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Story of my life continued.-Results of my expulsion.-Fierce fighting.-Des-
The steps by which I gradually returned to Christ.-Lectures and sermons on
THE object of this Book is, First, to explain a portion of my own history, and, Secondly, to check the spread of infidelity, and promote the interests of Christianity. How far it is calculated to answer these ends I do not pretend to know. I have no very high opinion of the work myself. I fear it has great defects. On some points I may have said too much, and on others too little. I cannot tell. I have however done my best, and I would fain hope, that my labors will not prove to have been altogether in vain.
I have spent considerable time with a view to bring my readers to distinguish between the doctrines of Christ, and the theological fictions which are so extensively propagated in His name. It is exceedingly desirable that nothing should pass for Christianity, but Christianity itself. And it is equally desirable that Christianity should be seen in its true light, as presented in the teachings and character, in the life and death of its great Author. A correct exposition of Christianity is its best defence. A true, a plain, a faithful and just exhibition of its spirit and teachings, and of its adaptation to the wants of man, and of its tendency to promote his highest welfare, is the best answer to all objections, and the most convincing proof of its truth and divinity. And the truth, the reasonableness, the consistency, the purifying and ennobling tendency, and the unequalled consoling power of Christianity, can be proved, and proved with comparative ease; but to defend the nonsense, the contradictions, the antinomianism and the blasphemies of theology is impossible.
I have taken special pains to explain my views on the
Divine Inspiration of the Scriptures. I am satisfied that no attempts to answer the objections of infidels against the Bible will prove satisfactory, so long as men's views on this subject go beyond the teachings of the Scriptures themselves. To the fanciful theories of a large number of Theologians the sacred writings do not answer, and you must therefore, either set aside those theories, and put a more moderate one in their place, or give up the defence of the Bible in despair. I therefore leave the extravagant theories to their fate, and content myself with what the Scriptures themselves say; and I feel at rest and secure. The views I have given on the subject in this work, and in my pamphlet on the Bible, are not new. find them in the works of quite a number of Evangelical Authors. The only credit to which I am entitled is, that I state them with great plainness, and without reserve, and that I do not, after having given them on one page, take them back again on the next.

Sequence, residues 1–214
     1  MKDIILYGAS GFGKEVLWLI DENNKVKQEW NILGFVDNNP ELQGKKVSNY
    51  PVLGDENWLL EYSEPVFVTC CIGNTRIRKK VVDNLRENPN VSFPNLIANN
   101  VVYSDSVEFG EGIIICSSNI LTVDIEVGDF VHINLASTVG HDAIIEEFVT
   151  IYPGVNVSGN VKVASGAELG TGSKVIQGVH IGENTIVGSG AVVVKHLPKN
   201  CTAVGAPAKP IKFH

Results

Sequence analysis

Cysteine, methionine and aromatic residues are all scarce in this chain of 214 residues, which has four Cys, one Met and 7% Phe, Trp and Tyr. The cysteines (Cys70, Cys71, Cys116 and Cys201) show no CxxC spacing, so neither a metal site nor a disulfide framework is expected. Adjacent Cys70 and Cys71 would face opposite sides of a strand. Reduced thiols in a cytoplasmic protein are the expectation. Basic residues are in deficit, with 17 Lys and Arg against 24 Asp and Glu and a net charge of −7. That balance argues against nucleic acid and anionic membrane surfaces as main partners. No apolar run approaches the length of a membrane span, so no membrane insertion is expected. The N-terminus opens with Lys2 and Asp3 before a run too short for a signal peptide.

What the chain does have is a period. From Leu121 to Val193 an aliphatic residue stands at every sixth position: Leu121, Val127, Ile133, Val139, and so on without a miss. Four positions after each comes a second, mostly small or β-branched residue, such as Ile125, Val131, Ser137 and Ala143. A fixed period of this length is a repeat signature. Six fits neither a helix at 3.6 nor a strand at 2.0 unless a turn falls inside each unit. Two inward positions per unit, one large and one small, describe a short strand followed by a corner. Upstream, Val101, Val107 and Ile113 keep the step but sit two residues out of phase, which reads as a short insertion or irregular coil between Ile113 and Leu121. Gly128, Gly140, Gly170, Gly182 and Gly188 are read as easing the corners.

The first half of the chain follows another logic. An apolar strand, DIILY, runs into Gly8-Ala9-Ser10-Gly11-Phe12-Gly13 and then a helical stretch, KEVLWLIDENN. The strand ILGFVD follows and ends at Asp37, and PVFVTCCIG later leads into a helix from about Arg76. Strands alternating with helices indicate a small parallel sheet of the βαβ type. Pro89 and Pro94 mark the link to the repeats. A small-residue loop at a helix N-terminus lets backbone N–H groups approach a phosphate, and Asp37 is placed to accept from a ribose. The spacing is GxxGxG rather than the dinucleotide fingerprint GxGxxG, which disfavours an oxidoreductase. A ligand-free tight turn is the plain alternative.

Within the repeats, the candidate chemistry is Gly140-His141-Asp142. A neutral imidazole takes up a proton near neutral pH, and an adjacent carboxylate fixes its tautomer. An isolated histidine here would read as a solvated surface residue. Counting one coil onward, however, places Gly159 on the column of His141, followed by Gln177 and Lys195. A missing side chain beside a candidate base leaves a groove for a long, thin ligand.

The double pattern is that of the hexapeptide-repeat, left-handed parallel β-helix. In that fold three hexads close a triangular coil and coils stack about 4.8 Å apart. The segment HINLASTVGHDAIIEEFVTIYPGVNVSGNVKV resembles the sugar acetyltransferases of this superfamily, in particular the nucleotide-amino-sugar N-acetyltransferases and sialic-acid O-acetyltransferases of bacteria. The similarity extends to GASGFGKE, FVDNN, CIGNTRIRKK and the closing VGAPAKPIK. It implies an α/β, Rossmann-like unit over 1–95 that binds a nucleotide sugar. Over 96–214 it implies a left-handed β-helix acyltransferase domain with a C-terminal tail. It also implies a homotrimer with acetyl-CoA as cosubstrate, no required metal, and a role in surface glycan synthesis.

How far my friends will be able to receive or tolerate my views on these points, I do not know. I hope they will ponder them with all the candor and charity they can. I have kept as near to orthodox standards as I could, without doing violence to my conscience, and injustice to the truth. I would never be singular, if I could honestly help it. It is nothing but a regard to God, and duty, and the interests of humanity, that prevents me going with the multitude. It would be gratifying in the extreme to see truth and the majority on one side, and to be permitted to take my place with them: but if the majority take sides with error, I must take my place with the minority, and look for my comfort in a good conscience, and in the sweet assurance of God's love and favor.
In looking over some manuscripts some time ago, belonging to a relation of my wife's father-in-law, I found the following story of a dream. Some have no regard for dreams, but I have. I have both read of dreams, and had dreams myself, that answered marvellously to great realities; and this may be one of that kind. In any case,